Big plans in store for Evergreen
EVERGREEN Fibreboard Bhd is expanding its operations in a bid to become a leading fully integrated fibreboard maker.
Executive director Kuo Jen Chiu said this would further strengthen the company's position internationally.
He said Evergreen, one of the top five producers of fibreboard in
"The company has started on the expansion plan and is on the right track to achieve the target," Kuo said in an interview with StarBiz.
He said that to be a fully integrated fibreboard maker, Evergreen would look into producing its own glue resin and having its own plantations for woodchips supply.
"The company will be less dependent on suppliers and this will certainly help reduce operating costs," Kuo said.
Evergreen has two plants - one in Parit Raja, Batu Pahat, and the other in
The Hatyai plant - a joint venture between Evergreen and a Finnish company - is already producing glue resin. It could produce up to 150,000 tonnes yearly.
Kuo said 25% of the production was for internal use at its 75%-owned subsidiary Siam Fibreboard Co Ltd and the balance was for both the Thai and export markets.
Meanwhile, the Batu Pahat plant now buys 70,000 tonnes of glue resin yearly from
Kuo said Evergreen wanted to have its own medium-sized plant making 60,000 tonnes of glue resin yearly.
He said the company was also looking to have its own plantations to reduce the cost of woodchips - the main raw material in making fibreboards. The ideal plantation size, according to him, is between 30,000 and 40,000 acres.
"The acreage is adequate to meet 20% to 30% of our total needs," said he, adding that the balance would come from suppliers.
Kuo said Evergreen would also focus on research and development (R&D) activities to ensure its long-term survival. He said it wanted to lessen its dependency on commonly used species such as rubberwood.
The company is working with the Malaysian Palm Oil Board to develop palm oil-based fibreboard.
Kuo said local fibreboard companies were strong in R&D, making
There are seven companies making fibreboard in the country with a combined production of 1.2 million cu m per year.
He said the majority of the production was for export as the domestic demand hovered between 200,000 and 250,000 cu m annually.
"The company has to increase its production capacity first if it wants to make each of its plants fully integrated," Kuo said.
The group has a combined production of 600,000 cu m yearly - 280,000 cu m in Batu Pahat and 320,000 in Hatyai. The company, through wholly-owned unit Evergreen Fibreboard (JB) Sdn Bhd, plans to acquire a fibreboard plant in Permas Jaya, Johor Baru.
An EGM will be held today to get shareholders' approval on the proposed acquisition of Takeuchi MDF Sdn Bhd's plant and other properties, as well as Takeuchi's contracts, for RM107mil.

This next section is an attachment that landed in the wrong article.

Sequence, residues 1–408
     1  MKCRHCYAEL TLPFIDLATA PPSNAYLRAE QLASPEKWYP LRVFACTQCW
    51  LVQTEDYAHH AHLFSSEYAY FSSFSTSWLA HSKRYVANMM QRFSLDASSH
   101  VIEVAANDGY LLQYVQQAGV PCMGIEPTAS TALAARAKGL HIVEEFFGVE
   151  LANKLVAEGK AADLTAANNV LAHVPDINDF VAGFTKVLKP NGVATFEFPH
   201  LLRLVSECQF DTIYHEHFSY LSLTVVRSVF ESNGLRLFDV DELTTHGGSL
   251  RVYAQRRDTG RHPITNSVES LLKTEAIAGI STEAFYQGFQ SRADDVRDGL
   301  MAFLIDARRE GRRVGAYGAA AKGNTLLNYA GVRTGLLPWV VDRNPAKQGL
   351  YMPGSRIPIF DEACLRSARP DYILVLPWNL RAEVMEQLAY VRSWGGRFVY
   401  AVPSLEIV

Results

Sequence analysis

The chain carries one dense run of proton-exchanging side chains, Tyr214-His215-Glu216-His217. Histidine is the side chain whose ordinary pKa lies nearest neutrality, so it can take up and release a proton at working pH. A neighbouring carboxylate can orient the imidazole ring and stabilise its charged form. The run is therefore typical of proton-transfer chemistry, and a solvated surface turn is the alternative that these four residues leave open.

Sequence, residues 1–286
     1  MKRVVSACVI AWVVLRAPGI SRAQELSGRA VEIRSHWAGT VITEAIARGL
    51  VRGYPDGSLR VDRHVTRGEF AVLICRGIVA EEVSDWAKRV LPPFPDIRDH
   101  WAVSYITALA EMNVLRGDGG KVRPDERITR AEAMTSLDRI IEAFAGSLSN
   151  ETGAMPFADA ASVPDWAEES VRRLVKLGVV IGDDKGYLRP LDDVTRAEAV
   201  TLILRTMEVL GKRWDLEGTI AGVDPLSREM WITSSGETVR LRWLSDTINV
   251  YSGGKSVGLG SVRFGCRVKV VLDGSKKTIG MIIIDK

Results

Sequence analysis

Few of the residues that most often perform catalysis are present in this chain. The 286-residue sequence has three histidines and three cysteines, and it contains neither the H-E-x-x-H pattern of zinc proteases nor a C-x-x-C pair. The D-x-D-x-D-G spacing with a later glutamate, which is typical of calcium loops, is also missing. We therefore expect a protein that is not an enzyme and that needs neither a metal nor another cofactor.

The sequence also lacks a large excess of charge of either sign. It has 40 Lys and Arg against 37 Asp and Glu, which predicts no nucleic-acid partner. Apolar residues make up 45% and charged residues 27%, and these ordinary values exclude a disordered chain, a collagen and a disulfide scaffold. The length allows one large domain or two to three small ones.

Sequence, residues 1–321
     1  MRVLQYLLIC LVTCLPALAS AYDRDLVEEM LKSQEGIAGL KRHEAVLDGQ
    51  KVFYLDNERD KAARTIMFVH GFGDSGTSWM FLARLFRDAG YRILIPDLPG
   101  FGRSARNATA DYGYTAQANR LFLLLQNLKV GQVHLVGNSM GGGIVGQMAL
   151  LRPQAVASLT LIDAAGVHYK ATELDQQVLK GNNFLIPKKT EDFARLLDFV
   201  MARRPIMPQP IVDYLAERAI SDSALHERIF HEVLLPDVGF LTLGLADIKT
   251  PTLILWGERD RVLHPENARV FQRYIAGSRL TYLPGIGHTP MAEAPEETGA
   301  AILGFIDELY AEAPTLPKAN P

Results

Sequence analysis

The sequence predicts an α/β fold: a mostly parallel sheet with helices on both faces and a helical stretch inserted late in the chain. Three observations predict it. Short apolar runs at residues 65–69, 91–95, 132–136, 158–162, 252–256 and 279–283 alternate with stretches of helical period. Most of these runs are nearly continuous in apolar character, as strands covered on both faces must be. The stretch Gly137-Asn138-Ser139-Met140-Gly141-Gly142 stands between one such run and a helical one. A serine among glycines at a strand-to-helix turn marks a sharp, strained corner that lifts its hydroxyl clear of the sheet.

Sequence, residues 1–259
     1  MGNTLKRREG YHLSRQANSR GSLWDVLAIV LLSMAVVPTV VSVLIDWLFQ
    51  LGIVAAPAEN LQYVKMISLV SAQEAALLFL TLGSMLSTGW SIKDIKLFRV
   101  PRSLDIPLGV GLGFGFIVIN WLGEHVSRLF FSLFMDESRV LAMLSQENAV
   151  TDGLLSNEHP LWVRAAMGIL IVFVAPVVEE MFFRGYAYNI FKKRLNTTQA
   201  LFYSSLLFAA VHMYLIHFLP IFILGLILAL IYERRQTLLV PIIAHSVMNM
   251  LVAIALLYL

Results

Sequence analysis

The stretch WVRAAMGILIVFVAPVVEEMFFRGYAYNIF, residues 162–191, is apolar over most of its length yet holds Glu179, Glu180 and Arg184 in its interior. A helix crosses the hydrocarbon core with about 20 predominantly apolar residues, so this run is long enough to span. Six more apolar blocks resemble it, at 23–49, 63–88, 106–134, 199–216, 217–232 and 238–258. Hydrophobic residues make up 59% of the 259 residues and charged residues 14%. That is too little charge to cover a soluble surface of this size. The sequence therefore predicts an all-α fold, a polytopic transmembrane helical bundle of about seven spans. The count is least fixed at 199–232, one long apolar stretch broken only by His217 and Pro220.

The 15-year-old Permas Jaya plant, with a capacity to produce 100,000 cu m of medium-density fibreboard (MDF), is the first fibreboard plant in
The plant, located on a 10-acre freehold land, has 290 employees.
Kuo said the proposed acquisition would allow Evergreen to broaden its product range and expand its activities to include the manufacture and sale of "extra thin" MDF.
According to him, the attractive part is that the Takeuchi MDF plant has secured a supply contract for acacia woodchips for seven years from a supplier in Kota Tinggi.
Kuo said both parties had agreed on a fixed price for woodchips over the contract tenure - from 2005 until 2012 - which was an "unusual" practice in the industry.
With this plant acquisition, the group would be able to increase its production at the three plants to one million cu m annually within three years, he said.
Kuo said the company also planned to set up a third line at its Hatyai plant, boosting the annual capacity to 570,000 cu m from 320,000.
It is yet to finalise the investment amount, but he reckoned it would be between RM120mil and RM150mil and would most probably take place in mid-2007.
Kuo said the company was open to either setting up new plants or acquiring existing plants to expand its business.
"There are good opportunities now as there are many privately run fibreboard companies in the region," he said, noting that Evergreen was the only MDF producer listed on
Kuo said the local fibreboard industry was going through a consolidation period and there were many buyers willing to acquire these companies.
He said some of these companies were facing financial difficulties, so they were releasing their assets; others were divesting their non-core business to focus on core activities.
However, he added: "It is not true that the sector is becoming a sunset industry; in fact, we are still upbeat on the prospects."
He said Evergreen would look at several aspects before acquiring a company - whether it complement the existing business, any specialty in production or having a good workforce.
Kuo said taking these things into account, it would make the acquisition more smooth sailing and worth all the efforts spent on time and financial.